God is so kind to me. Knowing that I would suffer from writer’s block today (despite a list of potential blog topics and questions to answer), He nudged a reader to send me this list, knowing it would give me an idea of something to write about.
So thanks for that, God. (and Joe!) 🙂
Onto the post:
The aforementioned link is to a list of “25 Things I’ve Learned in My Twenties.” (If you haven’t figured it out by now, us bloggers like these kinds of “list” posts. They’re almost as simple to write as they are to read. Plus, they’re fun!) Posts like these serve as sort of cautionary lists of advice while at the same time patting the reader on the back, as if to say, “what you’re going through is completely normal experience. We’ve all been there (or will be there). But if you haven’t been there yet, here’s what you can do to make it a little easier on yourself.”
Anyway, a casual glance at the list will likely be enough for you to figure out that I don’t agree with everything on it (To be fair: I don’t disagree with absolutely everything on it, either). There are things like drugs being normal and fine so long as they’re not negatively affecting you (because hey, drugs can sometimes be a good and productive use of your time, right?), or getting wasted and puking in public (everyone does it, so you should too!), and sleeping around (the solid foundation of any healthy and fulfilling lifestyle). All of these are normal experiences in your twenties, so don’t worry about it.
Okay, fine. I can’t address every one of these, but the ability to reason that you’ve hopefully developed by the time you’ve hit your twenties ought to be enough to give you a hint that some of the items on this list are not exactly the best advice to be following.
However, in my opinion, number 12 is worth addressing specifically, because I think it’s a lie we might be tempted as young people to tell ourselves quite frequently:
12. You’re going to betray your convictions. You’re going to feel shame. You’re going to continue to put yourself in situations that aren’t good for you. And then, slowly but surely, it will become less frequent. It might not ever go away completely but it won’t be as bad. In the meantime, stop shame spiraling about it. It gets you nowhere.
For starters: Why are we considering it a given that you’re going to betray your convictions? Sure, we’re all human and we all make mistakes. We may very well do things that betray our convictions. But a surefire way to guarantee that happening is to tell yourself that it’s going to. By definition, if you have convictions, you should be doing everything in your power to keep them. If you’re not, then they’re not very strong convictions that you have in the first place. But then again, maybe that’s the author’s point…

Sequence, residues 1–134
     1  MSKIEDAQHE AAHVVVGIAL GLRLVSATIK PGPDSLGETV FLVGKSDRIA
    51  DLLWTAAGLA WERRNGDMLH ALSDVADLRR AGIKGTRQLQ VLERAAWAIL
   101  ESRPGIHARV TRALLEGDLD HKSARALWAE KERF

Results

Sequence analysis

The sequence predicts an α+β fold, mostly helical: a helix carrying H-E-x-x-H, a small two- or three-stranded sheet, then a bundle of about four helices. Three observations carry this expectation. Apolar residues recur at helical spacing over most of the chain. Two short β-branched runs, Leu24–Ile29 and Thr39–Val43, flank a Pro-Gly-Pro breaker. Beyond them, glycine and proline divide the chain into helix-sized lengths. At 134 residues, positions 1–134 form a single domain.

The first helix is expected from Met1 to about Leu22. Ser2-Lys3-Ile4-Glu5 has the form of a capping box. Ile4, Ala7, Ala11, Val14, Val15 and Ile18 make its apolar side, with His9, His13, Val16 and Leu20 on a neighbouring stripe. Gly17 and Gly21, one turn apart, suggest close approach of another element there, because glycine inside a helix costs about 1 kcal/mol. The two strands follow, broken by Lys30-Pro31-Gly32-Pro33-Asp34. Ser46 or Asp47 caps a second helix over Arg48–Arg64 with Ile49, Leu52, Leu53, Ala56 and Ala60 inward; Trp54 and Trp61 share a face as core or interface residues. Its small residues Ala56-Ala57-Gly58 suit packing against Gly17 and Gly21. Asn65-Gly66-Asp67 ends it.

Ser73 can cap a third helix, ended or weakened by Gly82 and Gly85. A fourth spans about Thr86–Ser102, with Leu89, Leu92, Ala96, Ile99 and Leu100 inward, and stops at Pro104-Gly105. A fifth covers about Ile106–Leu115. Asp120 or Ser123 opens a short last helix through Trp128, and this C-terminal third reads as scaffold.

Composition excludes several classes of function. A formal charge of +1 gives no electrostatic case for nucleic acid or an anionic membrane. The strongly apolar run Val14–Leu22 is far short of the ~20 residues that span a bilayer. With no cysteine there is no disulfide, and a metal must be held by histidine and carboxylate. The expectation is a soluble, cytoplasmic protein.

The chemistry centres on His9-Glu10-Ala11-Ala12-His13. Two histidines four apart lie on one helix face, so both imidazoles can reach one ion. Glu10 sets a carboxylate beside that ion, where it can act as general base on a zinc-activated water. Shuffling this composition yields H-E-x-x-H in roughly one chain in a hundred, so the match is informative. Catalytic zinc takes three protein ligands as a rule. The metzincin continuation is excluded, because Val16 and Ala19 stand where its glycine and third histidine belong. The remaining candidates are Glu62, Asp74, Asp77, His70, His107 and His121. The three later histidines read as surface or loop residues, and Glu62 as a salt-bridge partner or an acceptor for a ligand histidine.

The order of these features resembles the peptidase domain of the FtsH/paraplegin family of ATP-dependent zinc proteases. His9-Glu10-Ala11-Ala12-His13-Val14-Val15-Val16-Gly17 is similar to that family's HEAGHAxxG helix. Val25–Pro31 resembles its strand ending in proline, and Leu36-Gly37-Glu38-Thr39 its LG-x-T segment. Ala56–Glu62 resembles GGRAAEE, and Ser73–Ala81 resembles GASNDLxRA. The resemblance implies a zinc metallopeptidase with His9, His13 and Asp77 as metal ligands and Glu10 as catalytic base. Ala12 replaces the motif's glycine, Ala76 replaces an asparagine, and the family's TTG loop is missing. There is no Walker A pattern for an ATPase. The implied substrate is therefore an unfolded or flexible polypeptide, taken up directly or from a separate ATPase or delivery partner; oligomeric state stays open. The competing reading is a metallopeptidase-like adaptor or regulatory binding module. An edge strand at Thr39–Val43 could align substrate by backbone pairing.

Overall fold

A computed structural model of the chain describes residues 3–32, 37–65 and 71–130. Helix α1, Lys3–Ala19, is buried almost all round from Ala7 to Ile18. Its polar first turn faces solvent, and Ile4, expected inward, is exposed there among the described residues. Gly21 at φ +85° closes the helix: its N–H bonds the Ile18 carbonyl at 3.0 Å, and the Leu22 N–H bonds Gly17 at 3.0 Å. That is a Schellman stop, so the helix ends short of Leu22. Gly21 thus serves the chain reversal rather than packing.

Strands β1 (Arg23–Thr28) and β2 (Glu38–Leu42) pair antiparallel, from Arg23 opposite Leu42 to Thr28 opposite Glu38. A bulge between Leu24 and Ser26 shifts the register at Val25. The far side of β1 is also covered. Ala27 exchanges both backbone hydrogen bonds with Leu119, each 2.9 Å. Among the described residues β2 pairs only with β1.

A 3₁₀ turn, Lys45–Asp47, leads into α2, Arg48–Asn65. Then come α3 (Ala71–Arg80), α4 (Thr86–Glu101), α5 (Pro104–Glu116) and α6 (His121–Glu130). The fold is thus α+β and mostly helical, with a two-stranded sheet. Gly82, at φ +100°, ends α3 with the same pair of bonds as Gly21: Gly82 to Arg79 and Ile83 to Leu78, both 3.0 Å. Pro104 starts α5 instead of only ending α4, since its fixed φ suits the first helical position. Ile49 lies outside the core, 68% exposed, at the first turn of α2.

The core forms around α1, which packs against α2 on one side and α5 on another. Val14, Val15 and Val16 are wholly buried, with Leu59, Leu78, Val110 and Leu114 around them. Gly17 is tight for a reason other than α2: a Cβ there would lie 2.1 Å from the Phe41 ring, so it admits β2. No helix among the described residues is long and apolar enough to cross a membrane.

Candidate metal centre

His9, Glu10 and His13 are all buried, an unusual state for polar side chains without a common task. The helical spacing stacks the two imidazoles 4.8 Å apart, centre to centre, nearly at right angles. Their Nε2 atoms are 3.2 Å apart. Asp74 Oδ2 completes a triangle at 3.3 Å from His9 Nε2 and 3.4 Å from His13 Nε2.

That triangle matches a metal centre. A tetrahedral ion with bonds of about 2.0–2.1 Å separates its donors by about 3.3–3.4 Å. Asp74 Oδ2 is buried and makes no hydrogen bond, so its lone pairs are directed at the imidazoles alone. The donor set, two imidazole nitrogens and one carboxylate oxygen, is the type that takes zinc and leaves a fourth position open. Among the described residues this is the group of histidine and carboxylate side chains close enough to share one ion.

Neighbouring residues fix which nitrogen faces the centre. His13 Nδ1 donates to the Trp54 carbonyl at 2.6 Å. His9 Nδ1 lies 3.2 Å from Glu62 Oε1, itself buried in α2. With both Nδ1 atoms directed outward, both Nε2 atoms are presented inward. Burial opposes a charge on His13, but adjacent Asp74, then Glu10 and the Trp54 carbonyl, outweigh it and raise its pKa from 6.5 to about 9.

My advice: develop strong convictions before your twenties, so you care so much about them that you wouldn’t dare betray them.
In any case, what he says next is the reason I chose to address this point all on its own:
You’re going to continue to put yourself in situations that aren’t good for you. And then, slowly but surely, it will become less frequent. It might not ever go away completely but it won’t be as bad.
This is just not true. This is the lie we tell ourselves over and over again so that we won’t feel as bad for doing whatever we’re doing when we know it’s wrong. “It’s not like I’ll be doing this forever,” we tell ourselves. But the fact of the matter is: unless you make the conscious decision to stop, and unless you actually make the effort to stop putting yourself in those situations which you recognize are not good for you, then the only thing that will change is that you’ll stop recognizing that the situation is bad for you.
The author even acknowledges this! “It [the bad that you’re doing] might not ever completely go away,” he says, “but it won’t be as bad.” Why won’t it be as bad? What has changed about the situation other than the fact that you’re now more accustomed to putting yourself in a bad situation? The truth is that it’s still just as bad as it was when you started. You’ve just (unfortunately) become accustomed to it.
My advice: You might find yourself choosing to place yourself in situations that are bad for you. Stop it. Cut it out right now, or you’ll justify it (and other things that are wrong) for the rest of your life.
And praise God when you feel shame for doing something wrong! It actually does get you somewhere; that’s the point. You don’t like feeling shame? Then stop doing whatever you’re doing that’s making you feel shame. It’s as simple as that.
It’s a sad place to be in when you do something terrible and don’t feel a drop of guilt for it. But regardless of your feelings, if you know you’ve done something wrong, go to confession and then do whatever you can to avoid doing it again. Making excuses for yourself is what gets you nowhere (except for into deeper problems).